There is a tension between those Muslims who see Islam as an historically fixed religion and those Muslims who recognize the long process of historical transformation that is a feature of Islam’s movement through time and space from its origins in 7th century Arabia. Muslim religious doctrine and practices change based on context and interpretation. Religious faith clearly is more than a list of do’s and don’t’s derived from a holy text, but is based in part on reconciling age-old traditions and contemporary values.
Recently, there have been growing debates about Islam’s capacity for acceptance of gay Muslims. The question of reconciling faith and sexual orientation is not unique to Islam. As with Catholics and other Chrisitians, for example, many Muslims have positioned Muslim and gay identities as incompatible. In contrast, a growing number of Muslims and others are asserting Islam’s openness to sexual diversity. Because of this, Muslims, like other faith-based groups across the nation, are wrestling with the fact that gay rights are an issue for members of their family and their Mosque. It is not a simple theological question applying to an “other.”
In her account of the experiences of a lesbian Muslim friend, Nazly Siadate articulates a plea for Muslims to “modify their interpretation of their faith to be more inclusive.” Specifically, Siadate asks gay Muslims to stop “self-segregating” themselves. She suggests that gay Muslims can and should maintain their religious identity alongside their sexual identity. Then, Muslim communities will consider sexual difference from a position of a shared relationship and religious identity, thus making acceptance easier.
Siadate is not alone in her call for embracing gay and Muslim identities. Ludovic-Mohamed Zahed researches homosexuality in Islam from an anthropological perspective, and Imam Daayiee Abdullah, gay himself, leads a progressive prayer center in Washington D.C., counseling gay Muslims. Additionally, Muslims for Progressive Values advocates for LGBTQ rights from an Islam-inspired perspective. These examples show that gay Muslims exist (and there is a new documentary about it), they have Muslim allies, and they will continue to embrace both identities regardless of official doctrine.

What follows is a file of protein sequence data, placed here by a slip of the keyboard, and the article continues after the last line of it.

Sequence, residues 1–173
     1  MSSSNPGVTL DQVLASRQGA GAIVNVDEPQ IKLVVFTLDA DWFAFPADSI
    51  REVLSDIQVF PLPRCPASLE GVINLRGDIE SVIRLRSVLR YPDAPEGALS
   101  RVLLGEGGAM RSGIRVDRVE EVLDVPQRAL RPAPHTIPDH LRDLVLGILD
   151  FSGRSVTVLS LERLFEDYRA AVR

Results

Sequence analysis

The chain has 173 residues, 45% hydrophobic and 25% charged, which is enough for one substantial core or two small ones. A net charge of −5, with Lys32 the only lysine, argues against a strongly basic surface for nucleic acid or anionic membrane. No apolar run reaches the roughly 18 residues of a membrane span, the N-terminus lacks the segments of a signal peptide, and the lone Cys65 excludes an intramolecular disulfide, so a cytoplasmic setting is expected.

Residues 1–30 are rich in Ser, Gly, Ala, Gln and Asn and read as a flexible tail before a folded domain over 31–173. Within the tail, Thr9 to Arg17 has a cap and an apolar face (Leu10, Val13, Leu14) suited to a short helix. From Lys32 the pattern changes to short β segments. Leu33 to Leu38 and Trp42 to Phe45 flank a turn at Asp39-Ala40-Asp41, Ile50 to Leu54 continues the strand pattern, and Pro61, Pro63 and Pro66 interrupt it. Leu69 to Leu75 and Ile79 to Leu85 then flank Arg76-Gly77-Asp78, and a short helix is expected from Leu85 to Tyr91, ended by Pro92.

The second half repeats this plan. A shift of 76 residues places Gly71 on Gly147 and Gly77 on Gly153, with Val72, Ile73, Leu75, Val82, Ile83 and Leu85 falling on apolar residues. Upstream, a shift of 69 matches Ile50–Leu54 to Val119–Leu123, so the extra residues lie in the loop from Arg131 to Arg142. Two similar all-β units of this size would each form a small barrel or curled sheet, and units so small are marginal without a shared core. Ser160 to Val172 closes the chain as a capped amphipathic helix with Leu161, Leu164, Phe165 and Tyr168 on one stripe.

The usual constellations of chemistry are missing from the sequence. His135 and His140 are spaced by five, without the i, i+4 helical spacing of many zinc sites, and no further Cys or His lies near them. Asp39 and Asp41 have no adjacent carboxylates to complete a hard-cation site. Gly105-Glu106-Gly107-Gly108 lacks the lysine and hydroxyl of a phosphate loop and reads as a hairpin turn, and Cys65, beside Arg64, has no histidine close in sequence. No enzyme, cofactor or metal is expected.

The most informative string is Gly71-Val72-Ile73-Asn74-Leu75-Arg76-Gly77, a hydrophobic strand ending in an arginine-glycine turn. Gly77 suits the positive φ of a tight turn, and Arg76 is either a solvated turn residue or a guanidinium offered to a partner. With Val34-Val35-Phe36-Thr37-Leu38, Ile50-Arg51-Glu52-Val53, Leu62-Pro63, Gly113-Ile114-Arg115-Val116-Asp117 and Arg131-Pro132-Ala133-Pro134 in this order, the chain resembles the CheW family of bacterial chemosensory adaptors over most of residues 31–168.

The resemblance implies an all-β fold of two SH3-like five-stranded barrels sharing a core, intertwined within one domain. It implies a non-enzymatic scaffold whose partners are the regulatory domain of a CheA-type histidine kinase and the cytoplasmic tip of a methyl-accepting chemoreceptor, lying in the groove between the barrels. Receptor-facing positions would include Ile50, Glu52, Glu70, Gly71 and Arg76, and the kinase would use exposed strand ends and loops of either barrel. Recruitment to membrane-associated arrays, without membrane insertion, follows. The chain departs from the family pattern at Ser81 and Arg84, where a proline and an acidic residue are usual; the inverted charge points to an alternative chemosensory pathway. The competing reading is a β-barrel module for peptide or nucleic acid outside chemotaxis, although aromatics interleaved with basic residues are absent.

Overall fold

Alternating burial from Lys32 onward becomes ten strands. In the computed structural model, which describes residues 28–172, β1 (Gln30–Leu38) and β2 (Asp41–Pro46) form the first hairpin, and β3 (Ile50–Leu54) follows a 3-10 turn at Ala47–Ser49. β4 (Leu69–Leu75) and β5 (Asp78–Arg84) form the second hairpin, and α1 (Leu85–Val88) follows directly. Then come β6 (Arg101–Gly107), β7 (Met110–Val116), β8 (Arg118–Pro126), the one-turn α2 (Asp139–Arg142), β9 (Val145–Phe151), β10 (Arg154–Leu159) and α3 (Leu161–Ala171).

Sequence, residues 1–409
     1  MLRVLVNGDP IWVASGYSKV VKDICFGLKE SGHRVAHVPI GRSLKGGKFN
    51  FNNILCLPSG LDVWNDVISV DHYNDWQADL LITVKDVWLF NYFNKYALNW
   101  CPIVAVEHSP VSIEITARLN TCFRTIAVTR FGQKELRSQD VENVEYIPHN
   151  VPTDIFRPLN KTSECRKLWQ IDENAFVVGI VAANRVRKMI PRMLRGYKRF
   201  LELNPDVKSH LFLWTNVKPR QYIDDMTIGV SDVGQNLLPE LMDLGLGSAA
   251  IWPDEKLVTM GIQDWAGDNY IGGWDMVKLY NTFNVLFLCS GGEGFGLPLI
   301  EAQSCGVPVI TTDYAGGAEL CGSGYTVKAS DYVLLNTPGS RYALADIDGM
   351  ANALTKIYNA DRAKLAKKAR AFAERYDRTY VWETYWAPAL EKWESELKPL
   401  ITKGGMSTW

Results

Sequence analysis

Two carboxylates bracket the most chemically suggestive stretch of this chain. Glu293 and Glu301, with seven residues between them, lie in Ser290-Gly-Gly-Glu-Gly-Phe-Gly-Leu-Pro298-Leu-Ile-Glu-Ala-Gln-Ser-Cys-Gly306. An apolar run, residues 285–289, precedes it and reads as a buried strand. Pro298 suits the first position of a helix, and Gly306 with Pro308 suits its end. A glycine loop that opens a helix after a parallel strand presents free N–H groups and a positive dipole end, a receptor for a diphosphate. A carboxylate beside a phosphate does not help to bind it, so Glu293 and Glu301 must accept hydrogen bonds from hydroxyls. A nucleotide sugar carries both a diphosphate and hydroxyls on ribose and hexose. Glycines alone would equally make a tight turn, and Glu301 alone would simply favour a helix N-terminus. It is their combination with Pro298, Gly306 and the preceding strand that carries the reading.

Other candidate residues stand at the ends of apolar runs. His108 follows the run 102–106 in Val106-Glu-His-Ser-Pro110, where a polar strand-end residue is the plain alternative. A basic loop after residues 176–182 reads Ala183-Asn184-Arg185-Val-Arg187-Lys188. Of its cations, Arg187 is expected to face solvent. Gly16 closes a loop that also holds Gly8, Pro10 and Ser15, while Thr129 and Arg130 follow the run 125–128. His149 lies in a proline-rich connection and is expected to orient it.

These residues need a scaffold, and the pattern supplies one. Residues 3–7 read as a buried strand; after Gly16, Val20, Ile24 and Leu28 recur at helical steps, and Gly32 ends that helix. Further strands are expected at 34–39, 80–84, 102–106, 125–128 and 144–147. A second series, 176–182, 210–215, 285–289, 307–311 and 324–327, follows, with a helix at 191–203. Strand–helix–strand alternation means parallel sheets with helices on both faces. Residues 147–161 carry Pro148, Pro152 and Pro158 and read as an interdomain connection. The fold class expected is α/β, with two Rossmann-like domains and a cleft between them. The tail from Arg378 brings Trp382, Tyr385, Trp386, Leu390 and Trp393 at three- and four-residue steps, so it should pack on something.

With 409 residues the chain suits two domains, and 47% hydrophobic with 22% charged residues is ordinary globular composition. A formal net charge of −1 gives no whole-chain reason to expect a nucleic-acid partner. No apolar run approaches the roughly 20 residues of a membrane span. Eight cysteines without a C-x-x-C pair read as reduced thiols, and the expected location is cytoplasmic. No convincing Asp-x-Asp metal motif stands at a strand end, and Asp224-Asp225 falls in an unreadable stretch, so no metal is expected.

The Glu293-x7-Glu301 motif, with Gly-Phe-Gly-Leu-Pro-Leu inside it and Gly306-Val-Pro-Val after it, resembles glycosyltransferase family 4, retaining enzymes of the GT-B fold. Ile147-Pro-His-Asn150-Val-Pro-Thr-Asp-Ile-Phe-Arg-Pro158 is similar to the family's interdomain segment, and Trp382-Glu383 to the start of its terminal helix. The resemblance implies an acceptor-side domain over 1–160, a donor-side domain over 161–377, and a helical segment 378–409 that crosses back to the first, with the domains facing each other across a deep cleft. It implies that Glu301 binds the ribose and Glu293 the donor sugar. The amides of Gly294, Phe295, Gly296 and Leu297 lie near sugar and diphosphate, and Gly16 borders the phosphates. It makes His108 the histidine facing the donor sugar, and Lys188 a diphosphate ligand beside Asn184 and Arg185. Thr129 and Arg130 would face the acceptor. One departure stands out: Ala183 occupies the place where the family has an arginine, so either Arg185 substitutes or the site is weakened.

Muslims in America are targets of prejudice and bigotry. The same bigots attack LGBTQ people. These attacks on Muslims and gays draw distinctions between Americans by highlighting a difference (religion and sexuality) that challenges sexual and religious conservative definitions of what it means to be American. Today’s progressive Muslim voices argue that their co-religionists ought to approach LGBTQ issues from a place of empathy, both within and beyond their community.
Like other religions, Islam must contend with the tension between normative practices and the reality of sexual diversity among believers. As is evident by the growing public discussion, Muslims today are exploring ways to address social issues, like sexual orientation, with the knowledge that how they respond plays a significant role in defining their own faith, especially for gay Muslims, and sets the tone for how they define the social values associated with their religious beliefs.